Moksha Dawn is the second of a trilogy of books, containing the annotated transcripts of online talks given by Richard Harvey, a psycho-spiritual psychotherapist and spiritual teacher, between 2013 and 2014. The two series of online lectures titled The Silent Thunder Online Discourses and The Novena Teachings compile fourteen talks, which highlight a radical and innovative approach to spirituality and the sacred in the 21st century.
"Today we live in the age of individualism. But this age of the individual is far from straightforward. Obsessed as we are with ourselves, addicted as we are to our own self-importance, self-indulgence, and self-aggrandizement, we have the means, the power, and the strength in our possession. These are contained in our obsession and addiction to ourself. If we can only harness the power of obsession and addiction, and redirect it toward the Divine in no time at all we would be free!
But is this what we truly want? Do we—can we—truly weep for God, as Ramakrishna asks? Weeping for people and things, all of which will fade and pass, are we able to give heart-recognition to the deathless, to the eternal, to the Divine?
Do we give our attention appropriately and sufficiently to our spiritual awakening, arguably the only thing of ultimate value, the only thing that really matters? When and if we do, can we sustain our discipline and obedience to the higher calling?
Can we live the human life, the fully human life, the one in which we allow the Divine to manifest through our humanness—not in spite of our humanness—and live within the contradictions and paradoxes that bring us to the very edge of experience, the precipice of the sensible world, the reality and expression of eternity in the field of space and time?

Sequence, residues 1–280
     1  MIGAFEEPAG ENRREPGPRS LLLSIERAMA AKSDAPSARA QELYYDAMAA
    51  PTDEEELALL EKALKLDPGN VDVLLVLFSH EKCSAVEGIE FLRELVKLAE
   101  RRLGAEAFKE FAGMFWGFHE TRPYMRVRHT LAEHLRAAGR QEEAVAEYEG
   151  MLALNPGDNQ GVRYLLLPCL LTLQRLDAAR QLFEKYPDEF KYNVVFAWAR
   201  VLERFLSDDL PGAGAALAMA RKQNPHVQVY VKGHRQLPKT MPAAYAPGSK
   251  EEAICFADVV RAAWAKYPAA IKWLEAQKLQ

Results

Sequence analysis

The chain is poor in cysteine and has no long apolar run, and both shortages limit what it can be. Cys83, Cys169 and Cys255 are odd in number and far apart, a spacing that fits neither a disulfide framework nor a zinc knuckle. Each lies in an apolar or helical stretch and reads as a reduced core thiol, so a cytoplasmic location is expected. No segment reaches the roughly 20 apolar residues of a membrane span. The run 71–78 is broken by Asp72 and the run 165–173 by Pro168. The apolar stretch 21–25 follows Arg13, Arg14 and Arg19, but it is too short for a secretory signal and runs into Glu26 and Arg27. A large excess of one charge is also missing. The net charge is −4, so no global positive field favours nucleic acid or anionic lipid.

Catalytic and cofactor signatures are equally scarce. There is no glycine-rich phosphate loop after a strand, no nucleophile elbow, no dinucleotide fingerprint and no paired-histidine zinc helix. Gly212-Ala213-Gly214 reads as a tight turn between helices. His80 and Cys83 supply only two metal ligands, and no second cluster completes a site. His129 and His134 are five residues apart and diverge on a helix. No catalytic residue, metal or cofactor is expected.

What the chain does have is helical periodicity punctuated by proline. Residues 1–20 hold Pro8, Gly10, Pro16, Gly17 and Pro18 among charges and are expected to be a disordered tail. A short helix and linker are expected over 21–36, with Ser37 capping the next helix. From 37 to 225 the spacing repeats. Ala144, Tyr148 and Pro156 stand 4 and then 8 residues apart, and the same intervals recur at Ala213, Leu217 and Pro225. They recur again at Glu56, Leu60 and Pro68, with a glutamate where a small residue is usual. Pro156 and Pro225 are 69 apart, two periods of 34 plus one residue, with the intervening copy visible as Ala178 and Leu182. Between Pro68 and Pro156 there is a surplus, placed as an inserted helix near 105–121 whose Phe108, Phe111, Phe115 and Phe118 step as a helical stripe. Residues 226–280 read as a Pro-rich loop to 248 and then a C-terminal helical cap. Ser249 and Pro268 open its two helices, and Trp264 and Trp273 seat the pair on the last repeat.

The talks in Moksha Dawn are dedicated to Truth. They are not my opinion, my point of view, or my preference. Neither are they Absolute Truth in the strict sense or the word of God or the only way for you to follow. They are the fruit of the perspective of one human-divine, sacred life form, an individual awareness in the Divine total consciousness. The words appear out of the matrix of emptiness, out of the space between the in and the out breaths. They have been a joy for me to hear, to speak, to receive, and to communicate. In time these words will lapse into the great silence of mouna and all that we say and do and speak here will be a fading part of the universe. Like sand grains or notes of music, like autumn leaves or snowflakes, they will have been and then they will not have been. Let us pause for a moment. Are they merely human foibles, human failings, human gropings to understand? Or are they perhaps, fading, drying on the face now tears—the tears we shed weeping for the Divine?"